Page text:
Four people in Australia have died after eating rockmelons contaminated with listeria, in an outbreak that has so far affected 17 people.
The source of the rockmelons were traced back to a farm in New South Wales, leading to a recall in Singapore by the Agri-Food and Veterinary Authority (AVA).
Here's what you need to know about listeria.
WHAT IS LISTERIOSIS?
Listeriosis is a bacterial infection caused by Listeria monocytogenes.
WHERE IS IT FOUND?
The bacteria is found in the environment, such as soil, water, effluents and the faeces of humans and animals.
HOW DOES IT SPREAD?
It can contaminate food anywhere during production process from harvesting to serving.
WHAT TYPES OF FOOD CAN GET CONTAMINATED?
Food items which could be contaminated by the bacteria include raw or ready-to-eat foods, such as raw (unpasteurised) milk or raw meat and their products, seafood, and fresh produce including fruits and vegetables.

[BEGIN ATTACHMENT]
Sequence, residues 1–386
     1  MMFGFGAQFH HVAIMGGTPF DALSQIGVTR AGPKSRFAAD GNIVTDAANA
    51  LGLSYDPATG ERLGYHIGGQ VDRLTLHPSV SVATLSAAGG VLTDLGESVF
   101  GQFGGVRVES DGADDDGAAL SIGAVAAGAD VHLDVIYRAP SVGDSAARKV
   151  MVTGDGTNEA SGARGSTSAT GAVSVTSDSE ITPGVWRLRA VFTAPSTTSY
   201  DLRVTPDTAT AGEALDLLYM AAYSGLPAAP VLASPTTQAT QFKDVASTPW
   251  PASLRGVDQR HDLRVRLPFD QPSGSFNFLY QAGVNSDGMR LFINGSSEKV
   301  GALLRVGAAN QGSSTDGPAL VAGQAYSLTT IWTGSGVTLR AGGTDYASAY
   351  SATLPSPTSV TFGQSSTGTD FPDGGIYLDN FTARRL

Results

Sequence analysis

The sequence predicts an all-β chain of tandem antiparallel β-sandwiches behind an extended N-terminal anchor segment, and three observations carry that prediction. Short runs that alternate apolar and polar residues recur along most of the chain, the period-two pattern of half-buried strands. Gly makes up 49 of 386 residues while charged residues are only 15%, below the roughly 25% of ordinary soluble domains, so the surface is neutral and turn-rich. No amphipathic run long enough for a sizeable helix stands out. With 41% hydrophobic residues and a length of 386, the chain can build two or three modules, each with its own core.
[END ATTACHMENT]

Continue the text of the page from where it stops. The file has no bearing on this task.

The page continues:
WHAT ARE THE SYMPTOMS?
The incubation period of listeria ranges from three to 70 days (typically one to four weeks).
A person with mild listeriosis usually has fever and muscle aches, preceded by diarrhoea or other gastrointestinal symptoms.
Pregnant women, the elderly or individuals with a weakened immune system, i.e. people in immuno-compromised status due to AIDS, leukaemia, cancer, solid-organ transplant and steroid therapy, are at highest risk of serious disease which could include brain and heart infections or complications in the foetus/newborn.
HOW CAN LISTERIOSIS BE TREATED?
Listeriosis is treatable with antibiotics if diagnosed early. Consumers should seek medical attention as early as possible if they develop fever and muscle aches, preceded by diarrhoea or other gastrointestinal symptoms that appear within 70 days after consuming Australian rock melon.
HOW CAN LISTERIOSIS BE PREVENTED?
The key to prevention of listeriosis lies in hand hygiene, safe handling, cooking and consumption of food.
People can reduce risk for listeriosis by:
- Thoroughly washing raw vegetables and fruits before eating. Peel them if necessary.
- Thoroughly cooking raw food from animal sources (i.e. beef, pork, poultry, etc.)
- Keeping uncooked meats separate from vegetables, fruits, cooked and ready-to-eat food.
- Avoiding raw (unpasteurized) milk or foods made from raw milk
- Washing hands and kitchen utensils such as knives and cutting boards after handling raw food
- Using separate sets of knives and cutting board for raw and cooked food